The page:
When I watched a recent episode of the ABC reality show, Secret Millionaire, set in Houston, I was all set for a heartwarming story of triumph over adversity. In each episode, a millionaire goes undercover to scope out the good work done by various charities in a city, and at the end of the show, hands over a check to the deserving parties. There are lots of hugs and tears amid the schmaltzy music.
It's feel-good TV.
So I was a little taken aback in the opening moments of the show when Curves founders and undercover philanthropists Gary and Diane Heavin flew into Houston and an announcer intoned in his most serious voice, "Tonight a couple who created a health care empire will experience life in one the nation's poorest cities."
A few minutes later, as the music continued to swirl, the announcer said that Houston has "one of the most violent crime rates in the nation."
Even though it was still sunny outside on that early Sunday evening, the tone was so menacing that I got up off the sofa and double bolted my front door.
I'm not naive about crime in Houston and I'm certainly no civic cheerleader, but the city was being presented in such a harsh tone that, for a minute, I thought I was in Detroit.
Throughout the show I scribbled down some of the allegations to check them later for accuracy. It took me longer than I imagined, because when it comes to statistics, it seems like anyone can bend the information to fit their hypothesis. But here's what I found:
Claim: Houston has one of the most violent crime rates in the nation
False. While Houston has its share of crime, it's not among the nation's leaders.
The city ranks No. 45 on the 2010 list of The Most Dangerous Cities in America compiled by Independent publisher CQ Press. The report is based on various crime statistics in 347 metropolitan areas. St. Louis is No. 1, followed by Camden, N.J.
Houston also doesn't show up on a recent U.S. News and World Report list of the 11 Most Dangerous Cities in America, according to an Onboard Informatics analysis of the most recent seven years of FBI crime reporting data. Again, St. Louis is No. 1; Atlanta is No. 2.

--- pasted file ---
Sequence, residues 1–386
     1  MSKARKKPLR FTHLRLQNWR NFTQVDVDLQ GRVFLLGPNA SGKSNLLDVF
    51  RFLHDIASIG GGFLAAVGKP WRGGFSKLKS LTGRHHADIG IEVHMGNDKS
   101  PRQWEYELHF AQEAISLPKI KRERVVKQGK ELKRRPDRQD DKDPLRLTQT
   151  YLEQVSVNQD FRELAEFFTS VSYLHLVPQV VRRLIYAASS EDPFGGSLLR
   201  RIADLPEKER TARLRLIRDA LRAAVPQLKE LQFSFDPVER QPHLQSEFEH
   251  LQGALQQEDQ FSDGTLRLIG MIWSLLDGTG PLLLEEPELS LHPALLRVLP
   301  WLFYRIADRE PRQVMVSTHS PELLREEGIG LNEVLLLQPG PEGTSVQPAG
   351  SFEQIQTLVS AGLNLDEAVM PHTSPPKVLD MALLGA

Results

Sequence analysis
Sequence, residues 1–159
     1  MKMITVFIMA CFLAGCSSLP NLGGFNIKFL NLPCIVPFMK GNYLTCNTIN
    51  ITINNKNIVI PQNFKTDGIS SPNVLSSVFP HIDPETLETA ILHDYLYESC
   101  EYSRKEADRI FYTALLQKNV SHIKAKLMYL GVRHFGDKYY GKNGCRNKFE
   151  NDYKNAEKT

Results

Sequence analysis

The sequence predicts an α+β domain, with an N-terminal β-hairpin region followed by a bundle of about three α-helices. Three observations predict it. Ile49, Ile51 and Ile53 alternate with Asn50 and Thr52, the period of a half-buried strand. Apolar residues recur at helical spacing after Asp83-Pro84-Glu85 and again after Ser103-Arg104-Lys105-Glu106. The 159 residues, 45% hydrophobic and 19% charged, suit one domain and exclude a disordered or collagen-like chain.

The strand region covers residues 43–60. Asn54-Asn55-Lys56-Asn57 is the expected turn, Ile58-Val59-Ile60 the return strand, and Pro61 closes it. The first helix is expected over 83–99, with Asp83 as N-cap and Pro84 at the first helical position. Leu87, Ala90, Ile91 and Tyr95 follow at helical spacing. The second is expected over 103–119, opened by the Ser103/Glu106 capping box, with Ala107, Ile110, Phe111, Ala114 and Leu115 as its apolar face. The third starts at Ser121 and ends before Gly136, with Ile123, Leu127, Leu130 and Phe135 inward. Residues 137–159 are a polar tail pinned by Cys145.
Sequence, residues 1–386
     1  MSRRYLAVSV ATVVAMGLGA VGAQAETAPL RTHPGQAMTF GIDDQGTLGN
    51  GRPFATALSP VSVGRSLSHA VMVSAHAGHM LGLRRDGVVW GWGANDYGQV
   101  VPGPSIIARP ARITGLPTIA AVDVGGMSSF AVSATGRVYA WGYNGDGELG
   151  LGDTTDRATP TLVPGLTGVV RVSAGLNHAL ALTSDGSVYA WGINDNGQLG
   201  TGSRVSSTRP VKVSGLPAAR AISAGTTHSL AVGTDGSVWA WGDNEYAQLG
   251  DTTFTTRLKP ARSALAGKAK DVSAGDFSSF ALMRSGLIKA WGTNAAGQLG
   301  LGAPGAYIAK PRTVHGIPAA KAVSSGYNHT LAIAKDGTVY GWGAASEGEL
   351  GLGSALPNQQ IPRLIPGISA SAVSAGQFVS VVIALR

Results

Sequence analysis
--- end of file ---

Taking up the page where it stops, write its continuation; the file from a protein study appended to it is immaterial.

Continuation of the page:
Houston is No. 91 in NeighborhoodScout's Top 100 Most Dangerous Cities in the United States. The real estate website ranks Saginaw, Mich., No. 1 most dangerous city in the survey, based on a formula of mathematical algorithms and municipal crime statistics from the FBI and the U.S. Justice Department.
Overall violent crime (murders, rapes, robberies and aggravated assaults) was down 12.1 percent in Houston last year, according to Uniform Crime Report figures. And violent crime in the first two months of 2011 is down 7.3 percent compared to the same period last year.
But don't get too complacent. Houston is still less safe than the rest of the state. There's a 1 in 83 chance of being a victim of a violent crime in Houston; in Texas it's about 1 in 172, according to NeighborhoodScout.
Claim: Houston is one of the nation's poorest cities
False. While there are pockets of abject poverty here, Houston doesn't make the list of the 10 poorest cities in America. Detroit is No. 1 with a poverty rate of 32.5 percent in 2009; Buffalo is No. 2 with 29.9 percent.
Claim: One of five Houston residents live in poverty
True. The percentage of Houstonians below the poverty level is 20.8 percent, according to data from the 2010 American Community Survey. Houston is poorer as a whole than residents in Texas (16.8%) and the United States (13.5%).
Claim: The Third Ward is mired in poverty, with a median income of $5,500 a year.
False. Bounded roughly by the Gulf Freeway, Southwest Freeway, Highway 288 and Blodgett/Wheeler streets, the Third Ward has some rough areas, as Secret Millionaire showed. But census figures indicate that the median household income is $16,679; average household income is $27,096; and per capita income $11,742 — certainly not the richest area in town, but not the poorest either.
Claim: A person in Texas on food stamps receives the equivalent of $6.50 per day
True: An individual living alone can get a maximum of $200 a month, or roughly $6.50 a day, according to the Texas Health and Human Services Commission.
Claim: Houston has 11,000 restaurants, 500 parks and the Theatre District is second only to New York
False. While Houston is a great culinary town, the Greater Houston Convention and Visitors Bureau estimates there are only around 8,000 restaurants in the 10-county region.
But there are more parks —around 700.
As far as the boast about Houston's Theater District having more seats than any place in the United States outside of New York, that's a sore point with me. Back in 2003, I wrote that Chicago and San Francisco have more theater seats than Houston despite the claims of civic boosters. The inflated claim came after leaving out Chicago and San Francisco because those cities don't have a designated theater district.
The idle boast finally petered out. But thanks to the Internet and TV, old claims never die.